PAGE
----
A Pilgrim's Catechism

The Occasional Thoughts of a 21st-Century Roman Catholic on Journey

Towards the Reign of God 

 Giovanni Bellini:  Christ Praying in the Garden                                                                                           National Gallery, London, 1569

In the face of death, Jesus assumes responsibility

for everything that he must do.


What does it mean for human beings to be responsible?


Being, life and existence (the ability to go out of oneself in order to be present to the world) are gifts from God but they must always be accepted and taken up by the persons themselves.  Human beings are often subject to forces outside of themselves but these forces cannot touch the true, innermost reality of the person.  As regards who a person truly is, there is nothing that is ever done immediately for the person, not even by God and much less by creatures.  Human beings must assume full responsibility for themselves. 


God is the ultimate cause of everything but each person remains responsible for integrating the life and power that comes from God into their own life.


Even coming into existence is not an event that is done immediately for the person.  The parents supply living matter in the form of an embryo developing into a fetus. God’s one act is constantly present to the world through the Word creating, revealing and offering divine life universally to all of humanity.  When the fetus is sufficiently developed to support self-consciousness, it is ready to hear the Word and the Word’s challenge to life.  Enlightened through the language and logic of the Holy Spirit, and in the power of the same Spirit, a “yes” is uttered that is already responsible, and a human person, sharer in God’s own life, comes into existence.  There is living matter supplied by the parents, divine life given by God but finally a ”yes” originating from the new human being.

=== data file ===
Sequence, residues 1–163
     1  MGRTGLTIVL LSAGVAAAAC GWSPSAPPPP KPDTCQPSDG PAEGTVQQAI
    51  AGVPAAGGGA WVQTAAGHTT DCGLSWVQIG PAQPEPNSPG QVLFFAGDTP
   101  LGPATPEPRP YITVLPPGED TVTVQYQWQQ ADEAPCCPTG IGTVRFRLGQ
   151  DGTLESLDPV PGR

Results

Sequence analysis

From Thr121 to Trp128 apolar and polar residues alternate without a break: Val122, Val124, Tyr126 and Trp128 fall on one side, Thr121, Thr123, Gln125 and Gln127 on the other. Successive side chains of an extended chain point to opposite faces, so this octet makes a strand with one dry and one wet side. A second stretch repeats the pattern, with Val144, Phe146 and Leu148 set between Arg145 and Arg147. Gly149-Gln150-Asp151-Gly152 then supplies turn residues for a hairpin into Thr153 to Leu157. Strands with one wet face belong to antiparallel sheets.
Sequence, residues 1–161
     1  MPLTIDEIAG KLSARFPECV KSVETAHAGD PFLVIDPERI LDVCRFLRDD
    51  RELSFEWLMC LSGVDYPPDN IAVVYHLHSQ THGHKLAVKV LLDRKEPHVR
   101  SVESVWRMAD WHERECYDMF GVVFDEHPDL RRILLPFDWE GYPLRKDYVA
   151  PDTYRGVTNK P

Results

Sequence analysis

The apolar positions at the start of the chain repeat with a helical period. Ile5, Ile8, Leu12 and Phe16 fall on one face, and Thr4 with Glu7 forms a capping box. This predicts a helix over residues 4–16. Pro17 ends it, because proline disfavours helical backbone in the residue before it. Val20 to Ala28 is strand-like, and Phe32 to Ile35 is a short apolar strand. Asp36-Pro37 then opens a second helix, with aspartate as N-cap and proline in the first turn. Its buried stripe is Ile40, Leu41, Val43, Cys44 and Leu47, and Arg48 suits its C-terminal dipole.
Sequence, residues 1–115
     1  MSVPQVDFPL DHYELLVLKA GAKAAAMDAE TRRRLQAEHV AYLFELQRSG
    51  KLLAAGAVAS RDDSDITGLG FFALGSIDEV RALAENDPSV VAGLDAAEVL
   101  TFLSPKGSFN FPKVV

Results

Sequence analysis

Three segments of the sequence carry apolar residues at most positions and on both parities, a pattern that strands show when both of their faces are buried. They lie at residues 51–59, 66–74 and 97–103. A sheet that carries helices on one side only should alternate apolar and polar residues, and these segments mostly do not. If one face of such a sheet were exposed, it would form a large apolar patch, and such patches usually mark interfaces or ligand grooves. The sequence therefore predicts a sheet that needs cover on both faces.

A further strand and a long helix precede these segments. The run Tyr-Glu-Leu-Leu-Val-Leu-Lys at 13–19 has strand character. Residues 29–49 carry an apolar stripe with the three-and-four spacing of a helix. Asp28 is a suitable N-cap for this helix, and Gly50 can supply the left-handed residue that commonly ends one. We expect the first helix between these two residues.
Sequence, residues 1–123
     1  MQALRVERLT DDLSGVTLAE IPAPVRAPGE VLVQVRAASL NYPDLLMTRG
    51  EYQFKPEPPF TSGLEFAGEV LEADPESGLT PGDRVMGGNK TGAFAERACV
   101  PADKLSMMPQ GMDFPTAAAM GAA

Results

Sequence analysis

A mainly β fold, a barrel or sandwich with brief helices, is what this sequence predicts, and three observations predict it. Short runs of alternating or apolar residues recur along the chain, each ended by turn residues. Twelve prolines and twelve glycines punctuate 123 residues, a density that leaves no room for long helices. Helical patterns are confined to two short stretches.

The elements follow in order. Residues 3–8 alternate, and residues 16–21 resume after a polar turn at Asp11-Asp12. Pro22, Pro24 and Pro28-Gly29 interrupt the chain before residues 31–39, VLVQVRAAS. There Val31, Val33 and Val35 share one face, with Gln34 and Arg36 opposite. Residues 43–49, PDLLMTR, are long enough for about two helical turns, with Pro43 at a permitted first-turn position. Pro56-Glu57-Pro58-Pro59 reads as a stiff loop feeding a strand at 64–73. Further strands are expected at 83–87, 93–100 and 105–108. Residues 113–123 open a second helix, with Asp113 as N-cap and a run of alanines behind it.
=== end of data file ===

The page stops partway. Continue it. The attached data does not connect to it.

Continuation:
Rather than mere intellect and will, it is this presence of the Word, accepted at the first moment of human existence, that defines and constitutes a human person.  At every moment in a person’s life, before and after physical birth, and even into the world to come, the person is confronted by the Word of God challenging the person to say “yes” and “yes” again.  To accept God’s life, and further growth in it, involves an integration of that gift into all of one’s own actions.   It is this response or rejection of divine life that finally determines what a person is and that makes every moment a matter of responsibility. 


Rejection of God’s life by sinning, however, can never banish the Word who, once accepted, always remains present calling when necessary to repentance and always to renewed growth.


My friend prays for me that I receive healing or that I undergo a conversion of life.  God at every moment offers to everyone the divine gift of his life.  It is only in accepting the gift myself that I can grow.  The prayer of my friend cannot change God who is constant and universal in his giving but the prayer of my friend may encourage me to accept God more fully into my life.  Finally I am the one who is responsible.


The gift of God’s life, in so far as it is accepted and taken up by a person, always contributes to spiritual healing.  Spiritual healing affects the body as well and may help bring about a physical cure.  God, of course, is always the ultimate cause.  The prayers of another may be the occasion of a response on the part of the sick person to be more accepting of God.  However, the immediate cause of apparent miraculous physical healing is always the sick person himself.  Jesus said to her: “Daughter, your faith (italics added) has made you well; go in peace, and be healed of your disease (NRSV, Mark 5:34).”


Jesus was first thought to have been raised from the dead by his Father in heaven.  Later his resurrection came to be understood as by his own power.  Although the power was ultimately from the Father who begets the Son, it was still a power that Jesus had made his own.  The same for us.  We shall conquer death not by being raised up but by passing through physical death, and rising, through the power of God’s life that we have accepted and made our own.


Human persons only live an authentic existence when they assume responsibility for who they are and what they do.



Other Pages:



What is a human being?

A creature composed of body and soul?

Made in the image and likeness of God?

When does human life begin?

When is there a human person?

What is the fundamental human experience?

What does it mean for human beings to be responsible?

Can a human being interact with God?

Who is called?

Who is sent?

All are called but does not each individual have a special vocation?

Is faith to be found outside the Church?

Is true freedom “from” or “for?”

What does it mean, “to follow one’s conscience?”